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English teacher trained in Poland wants to teach English in UK

Discussion in 'Overseas trained teachers' started by littlejim, Aug 11, 2010.

  1. Hello to everyone,

    just want to say to all the people who have taken part in this discussion that putting yourself in somebody else's shoes is the best way to reflect on a problem.

    I totally agree with AgzAgz that teaching in primary schools needs strong language knowledge and performance. I'm talking about fluency, accent, intonation, collocations, the range of vocab etc. Being not a native speaker you all lack these qualities. I want to emphasize that in all primary schools you need to model the English language both formal and informal to children. THINK ABOUT IT???

    All foreigners coming to England should be more aware of adaptation and acculturation issues/ approaches.

    Be more respectful and polite it will take you much further!

    Best of luck!
  2. Hi guys,

    There's no point in slinging mud at each other. We have to admit that there are varying levels of English amongst us (non-natives) and native speakers of English and some of us are more suitable to work as teachers than others. I personally know a very successful Polish primary teacher in England who's been doing her job for several years now. When the school she was working at failed an Ofsted inspection (she was supporting smaller groups of kids with learning difficulties at the time), she was asked to replace one of the native speaking teachers, as everyone (including inspectors) felt she would do a better job at raising the pupils' attainment than the other teacher. I must emphasise that her English is phenomenal but, apart from being a fluent and articulate speaker of English, she is first and foremost a skilled educator.

    'I would not want my child to be taught English by a foreigner'

    I've worked in the UK as a specialist teacher for 7 years. Initially, my job involved supporting children with EAL, however, having qualified as a Teacher for the Hearing Impaired a few years ago, I became a peripatetic Teacher of the Deaf. Although, I'm a foreigner, I have never come across a family who would judge my competence purely on the grounds of my ethnic background. On the contrary, I've received a lot of positive feedback from the parents, which gives me the confidence I personally need to keep me going as I've always felt insecure due to the fact I'm a non-native working with native speakers.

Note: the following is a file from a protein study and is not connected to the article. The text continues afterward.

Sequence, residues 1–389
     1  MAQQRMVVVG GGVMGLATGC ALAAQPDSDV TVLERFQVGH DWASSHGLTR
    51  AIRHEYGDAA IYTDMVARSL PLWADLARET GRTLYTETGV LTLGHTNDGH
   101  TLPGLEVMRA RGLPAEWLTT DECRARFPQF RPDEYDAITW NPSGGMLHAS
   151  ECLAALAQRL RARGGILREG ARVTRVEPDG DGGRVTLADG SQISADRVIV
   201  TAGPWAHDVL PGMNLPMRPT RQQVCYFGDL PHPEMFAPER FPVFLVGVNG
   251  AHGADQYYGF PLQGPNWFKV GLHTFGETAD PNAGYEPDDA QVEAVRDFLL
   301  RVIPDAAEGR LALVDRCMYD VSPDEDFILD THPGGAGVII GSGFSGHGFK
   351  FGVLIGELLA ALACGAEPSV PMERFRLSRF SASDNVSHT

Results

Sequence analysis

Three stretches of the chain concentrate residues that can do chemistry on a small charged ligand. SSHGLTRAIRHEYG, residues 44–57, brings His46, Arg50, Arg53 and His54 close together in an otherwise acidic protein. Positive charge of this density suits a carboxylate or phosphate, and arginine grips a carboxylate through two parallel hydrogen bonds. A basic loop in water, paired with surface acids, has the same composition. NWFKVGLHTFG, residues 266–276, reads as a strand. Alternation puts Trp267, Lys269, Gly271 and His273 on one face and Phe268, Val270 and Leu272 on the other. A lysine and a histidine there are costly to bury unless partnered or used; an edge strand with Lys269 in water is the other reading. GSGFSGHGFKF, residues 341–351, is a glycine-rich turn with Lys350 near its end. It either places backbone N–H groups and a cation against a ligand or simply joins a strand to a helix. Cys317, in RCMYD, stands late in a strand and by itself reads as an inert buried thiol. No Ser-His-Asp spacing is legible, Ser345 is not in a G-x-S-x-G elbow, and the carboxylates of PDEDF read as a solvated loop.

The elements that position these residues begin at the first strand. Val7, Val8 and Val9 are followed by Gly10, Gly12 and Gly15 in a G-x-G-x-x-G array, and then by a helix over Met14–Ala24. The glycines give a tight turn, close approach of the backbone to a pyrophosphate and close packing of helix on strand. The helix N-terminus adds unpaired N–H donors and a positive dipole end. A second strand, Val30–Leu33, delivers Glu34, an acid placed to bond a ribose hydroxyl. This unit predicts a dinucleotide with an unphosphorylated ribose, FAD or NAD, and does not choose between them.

Teaching English in Poland is one thing whereas working as a primary/secondary school teacher in the UK is a whole new ball game. I would recommend gaining a lot of experience (voluntary work, working as a teaching assistant, becoming an EAL teacher etc.) before you jump in at the deep end. You don't want to drown right at the start of your journey.

    Good luck everyone!
  3. as above
  4. Dear AgzAgz

    Although you are right in a lot you say, I am afraid you sound as pompous as the ones you criticise. Your farcical "btw I am bilingual" makes me laugh, and the repetitive nature of "we" reminds me of cheap poetry.

    However, I have got to say that the last sentence is a gem "As a person who finished "anglistyke" you should". I have heard it before "skonczylem anglistyke". No, you`re not bilingual, you are EAL.

  5. Clearly struggling with technology ;-)
  6. Bilingualism doesn't imply equal fluency in both languages so I believe we can all call ourselves bilinguals.
  7. Valpreda- just to clarify- I am English. I lived in Poland first, my parents moved back to England 10 years ago. As a result I am a native speaker as we did not speak Polish at home and I was educated in the UK. Therefore I can say "we" as I refer to the English folk. I am not a teacher myself - I was looking for ways to help a polish friend of mine who is a teacher and looking for a job in the UK and this is how I ended up on this website.
  8. Patunia- I am an English national, read the above.
  9. AgzAgz - no offence but how come you are bilingual? Native speaker of English who did not speak Polish?

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